Freedom of Conscience vs. the Right to Contraception
In summary, a woman who had been raped went to an emergency room where she talked to a rape counselor and was examined by an ER doctor. The rape victim asked for the morning-after pill, and the doctor refused to prescribe it, allegedly because it was against his religion. She went back to the rape counselor who referred her to another doctor who wrote the prescription.
This happened a few years ago. Plan B is now available over the counter to people 18 and older.
The issue, however, remains. Should a person's desire for some form of medical care force the doctor to act against his or her conscience?
I believe the answer is a clear and resounding "No."
First, the doctor's objection to "emergency contraception" for moral, ethical, and medical reasons is reasonable. He has an obligation to "first, do no harm." We require new drugs to be approved by the FDA for this reason. We expect doctors to follow this principle in prescribing treatment to be sure the cure is not worse than the disease. Based on this principle, American Medical Association policy prohibits doctors from being involved in executions.
Plan B, the best known "morning-after" pill, works by preventing ovulation, preventing fertilization, and preventing implantation of a fertilized egg. A doctor treating a rape victim should be aware that he may, in fact, have two patients, as fertilization can occur in less than one hour. In that case Plan B would prevent the newly-formed human from attaching to the uterine wall, causing the death of the embryo.
Second, medical care, as nearly every other industry in the United States, is an open market. If you don't like your doctor, go to another one. My doctor might not be willing to try a treatment that works for some people but injures others. He is fulfilling his ethical obligation to do no harm with a treatment he believes is harmful. My doctor's knowledge of the treatment's risks may be my greatest protection. I can always go to another doctor who believes the treatment has a chance of success.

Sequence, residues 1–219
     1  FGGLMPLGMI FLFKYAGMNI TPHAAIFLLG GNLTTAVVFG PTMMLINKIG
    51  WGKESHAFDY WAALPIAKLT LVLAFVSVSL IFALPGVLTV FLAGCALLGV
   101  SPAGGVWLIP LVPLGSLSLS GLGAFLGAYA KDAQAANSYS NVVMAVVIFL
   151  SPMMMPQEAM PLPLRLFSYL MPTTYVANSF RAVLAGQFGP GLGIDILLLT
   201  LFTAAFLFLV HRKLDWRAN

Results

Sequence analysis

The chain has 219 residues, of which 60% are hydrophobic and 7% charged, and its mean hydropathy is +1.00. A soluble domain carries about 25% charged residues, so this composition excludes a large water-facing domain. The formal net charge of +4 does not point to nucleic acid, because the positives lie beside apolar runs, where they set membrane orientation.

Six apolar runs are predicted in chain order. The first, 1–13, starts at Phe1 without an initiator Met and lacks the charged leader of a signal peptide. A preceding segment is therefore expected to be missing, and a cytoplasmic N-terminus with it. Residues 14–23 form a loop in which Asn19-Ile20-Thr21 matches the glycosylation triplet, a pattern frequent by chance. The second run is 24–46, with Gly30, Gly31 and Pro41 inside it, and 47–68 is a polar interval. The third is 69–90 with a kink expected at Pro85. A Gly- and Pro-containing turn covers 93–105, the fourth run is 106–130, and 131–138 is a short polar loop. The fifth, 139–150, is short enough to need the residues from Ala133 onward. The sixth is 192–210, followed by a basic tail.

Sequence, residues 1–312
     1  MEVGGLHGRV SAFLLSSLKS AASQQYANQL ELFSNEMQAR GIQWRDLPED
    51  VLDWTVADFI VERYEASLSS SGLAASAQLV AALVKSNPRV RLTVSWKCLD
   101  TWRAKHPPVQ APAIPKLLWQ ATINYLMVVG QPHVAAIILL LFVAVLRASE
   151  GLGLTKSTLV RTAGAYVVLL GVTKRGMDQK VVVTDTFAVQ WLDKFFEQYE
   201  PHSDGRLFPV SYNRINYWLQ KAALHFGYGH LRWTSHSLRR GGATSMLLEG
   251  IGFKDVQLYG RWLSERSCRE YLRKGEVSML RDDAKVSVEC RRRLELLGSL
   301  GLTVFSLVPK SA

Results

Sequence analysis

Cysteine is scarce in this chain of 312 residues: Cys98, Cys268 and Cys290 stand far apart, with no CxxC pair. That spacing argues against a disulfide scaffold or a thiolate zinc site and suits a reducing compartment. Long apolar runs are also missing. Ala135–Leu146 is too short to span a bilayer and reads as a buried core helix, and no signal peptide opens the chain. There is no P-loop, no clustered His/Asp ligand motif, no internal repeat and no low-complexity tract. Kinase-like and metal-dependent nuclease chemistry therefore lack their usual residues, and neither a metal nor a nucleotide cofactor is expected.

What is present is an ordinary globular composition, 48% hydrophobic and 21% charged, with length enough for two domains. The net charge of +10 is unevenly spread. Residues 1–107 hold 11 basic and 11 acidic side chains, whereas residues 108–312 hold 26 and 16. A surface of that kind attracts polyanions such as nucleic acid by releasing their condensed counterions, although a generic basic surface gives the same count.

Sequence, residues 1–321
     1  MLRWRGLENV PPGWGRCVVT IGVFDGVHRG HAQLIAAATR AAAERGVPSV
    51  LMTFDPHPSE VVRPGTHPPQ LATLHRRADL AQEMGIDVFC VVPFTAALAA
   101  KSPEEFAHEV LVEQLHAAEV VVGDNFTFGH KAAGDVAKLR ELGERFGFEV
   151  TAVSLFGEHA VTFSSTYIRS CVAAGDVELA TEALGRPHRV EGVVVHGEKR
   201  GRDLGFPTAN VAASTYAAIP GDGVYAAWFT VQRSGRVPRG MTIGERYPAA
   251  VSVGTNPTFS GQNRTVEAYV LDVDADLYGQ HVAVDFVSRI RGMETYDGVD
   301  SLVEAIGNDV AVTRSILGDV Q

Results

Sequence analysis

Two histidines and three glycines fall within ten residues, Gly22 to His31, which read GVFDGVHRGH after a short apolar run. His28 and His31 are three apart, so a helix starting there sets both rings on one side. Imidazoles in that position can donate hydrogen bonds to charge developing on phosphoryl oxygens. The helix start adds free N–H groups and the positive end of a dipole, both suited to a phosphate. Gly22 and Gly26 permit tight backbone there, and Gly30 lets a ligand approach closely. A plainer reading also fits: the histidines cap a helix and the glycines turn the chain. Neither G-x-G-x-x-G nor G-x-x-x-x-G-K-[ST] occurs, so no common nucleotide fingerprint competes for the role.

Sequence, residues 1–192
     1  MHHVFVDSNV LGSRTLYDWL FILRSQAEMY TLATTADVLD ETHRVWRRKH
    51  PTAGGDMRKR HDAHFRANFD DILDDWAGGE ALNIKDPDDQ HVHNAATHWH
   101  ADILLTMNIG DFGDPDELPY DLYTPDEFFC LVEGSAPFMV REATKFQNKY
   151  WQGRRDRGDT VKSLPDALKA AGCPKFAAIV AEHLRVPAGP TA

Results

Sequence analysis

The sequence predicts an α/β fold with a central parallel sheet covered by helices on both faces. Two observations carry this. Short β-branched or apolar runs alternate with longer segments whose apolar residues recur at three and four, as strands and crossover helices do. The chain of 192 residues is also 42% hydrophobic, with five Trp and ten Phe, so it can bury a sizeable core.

Third, freedom of conscience is one of the most basic human freedoms. It led to the settlement of many of the early American colonies. It is still sought by millions of legal immigrants. Freedom of conscience was recognized in the First Amendment right to freedom of worship; in the long-standing exemption from combat for conscientious objectors to all killing; in the patient's right to refuse medical care; and in the AMA's policies.
The MSNBC article alleges: "Catholic and conservative Christian health care providers are denying women a range of standard, legal medical care." Really? What standard, legal medical care? The article lists birth control prescriptions, abortion referrals, infertility clinic services for lesbians and unmarried women, and sterilizations. None of these are medically necessary, life-saving procedures.
What solution would the article's author propose? Perhaps a government mandate that physicians must do certain procedures on request, regardless of their best judgment? I certainly wouldn't want the government telling me how to do my work, and in my line of work, not one life depends on my judgment.
The article acknowledges: "In the end, the women in all of the incidents above were able to get the treatment they wanted, even if they had to go elsewhere." So the free market and respect for a doctor's freedom of conscience is denying needed medical care to no one.
Let's continue to let doctors be doctors, not victims of an ideology that would deny one of the most basic human rights—freedom of conscience—to them.
Wesley Wilson is the President of Let Her Live, a nonprofit dedicated to saving babies by showing the beauty and value of life to women considering abortion. Please learn more about the Let Her Live targeted pro-life billboard campaign. Donations are tax deductible.